THE DONOVAN AFFAIR has two distinctions. It was the first all talking picture directed by Frank Capra. And, it’s a semi lost film. There are complete prints of the film. It has been transferred to safety film and there are preservation copies in existence. However, it was made in the earliest talking picture era (1929) using the Vitaphone process that meant it was shown in theaters using the sound on disk method, where the sound track was synchronized to the film. Unfortunately, no copies of the soundtrack disks have been found. Furthermore, no copies of the script have ever been found. There was a censor’s dialogue guide that proved to be inaccurate. This means that beyond its original release it was impossible to show it.
The Longlist for the 2014 National Book Awards, announced last month, has been pared down to the five titles in each category, which comprise the finalists for prizes this year. Along with the previous announcement of the lineup for the 5 Under 35 event, which leads off the annual 3-day celebration organized by The National Book Foundation to honor the best in American publishing, this brings into focus the authors who will be at the center of the festivities of National Book Week next month.
When you think of Germany in the 1930s and 1940s, its humor does not come necessarily to mind. German humor? An oxymoron. Now forward to the 21st Century and you will discover German movies that are funny to the locals and whose humor travels well across the Atlantic. The New Wave style A COFFEE IN BERLIN, formerly called OH BOY, is a wry picture, done in black-and-white with a terrific jazz score reminiscent of a Woody Allen production, its dry comedy absorbed easily by those Americans with enough brains to watch indies. In fact so unusual—yet eminently accessible—is A COFFEE IN BERLIN that in a ceremony in April 2013, despite competition from the one hundred million dollar, one hundred seventy-two minutes’ CLOUD ATLAS with all the name actors brought to the set by Tom Tykwer and Lana Wachowski, A COFFEE IN BERLIN took six top prizes including those for Best Film, Actor, Screenplay and Score.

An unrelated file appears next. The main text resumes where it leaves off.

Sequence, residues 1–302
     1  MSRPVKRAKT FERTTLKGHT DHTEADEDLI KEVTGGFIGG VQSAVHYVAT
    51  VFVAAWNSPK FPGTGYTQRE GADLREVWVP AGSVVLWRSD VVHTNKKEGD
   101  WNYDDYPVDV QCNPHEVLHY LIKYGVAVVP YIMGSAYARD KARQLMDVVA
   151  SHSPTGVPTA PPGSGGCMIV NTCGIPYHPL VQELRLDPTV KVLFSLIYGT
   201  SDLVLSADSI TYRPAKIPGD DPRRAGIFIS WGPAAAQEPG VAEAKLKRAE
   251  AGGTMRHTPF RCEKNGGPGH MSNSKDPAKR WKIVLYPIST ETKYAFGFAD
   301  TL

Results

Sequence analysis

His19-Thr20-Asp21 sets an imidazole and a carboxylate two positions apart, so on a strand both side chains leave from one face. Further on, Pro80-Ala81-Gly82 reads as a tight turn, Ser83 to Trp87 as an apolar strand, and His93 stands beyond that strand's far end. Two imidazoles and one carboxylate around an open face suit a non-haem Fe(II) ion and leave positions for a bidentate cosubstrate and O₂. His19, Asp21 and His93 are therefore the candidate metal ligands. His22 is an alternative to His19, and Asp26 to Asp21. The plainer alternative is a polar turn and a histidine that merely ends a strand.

THE DECENT ONE took first prize at the Jerusalem Film Festival for Best Documentary, deservedly so. If any organization offered a gold medal for the film with the most ironic title of the year, this one would win hands down. “Der Anstandige,” as it’s called in German, is about Heinrich Himmler, a man who should inspire loathing in the minds and hearts of all who know anything about history. One of the greatest mass murderers of the 20th Century, Himmler nonetheless went to his suicidal death thinking that he was doing God’s work, and that “decency,” to him, would be the year’s understatement.
It’s not altogether unusual for wine tastings in New York to take place in venues that often boast a unique atmosphere, whether one is considering aspects of ambiance, architecture, history or grandeur in a setting. Nonetheless it’s rare when an event space features a combination of all of the aforementioned elements – particularly when the history in question has been earth shaking and is yet still evolving. Such was the case on the afternoon of September 15th when Montcalm Wine Importers, Ltd [www.montcalmwines.com] had a portfolio tasting at the 7 World Trade Center address where the firm is located. The tasting floor overlooked from the north the pit of Ground Zero, where one could glance out and see the progress of the memorial and other developments there that are at long last replacing the downed towers.
Fionnula Flanagan is cinema’s gift from Ireland, that country’s most engaging actress of a certain age, perhaps the equivalent here in the U.S. of Blythe Danner. But her presence in LIFE’S A BREEZE, presumably an ironic title, cannot save the movie from being little more than a sitcom that you might find on commercial tv or, to be magnanimous, on a cable station like HBO. LIFE’S A BREEZE, taken from a sign on the wall of the Dublin-area house presided over by Nan (Fionnula Flanagan), is the location of an extended family of the unemployed, the slackers, and of high-spirited citizens who despite their financial hardships find warmth, comfort, and a lot of laughs in their togetherness.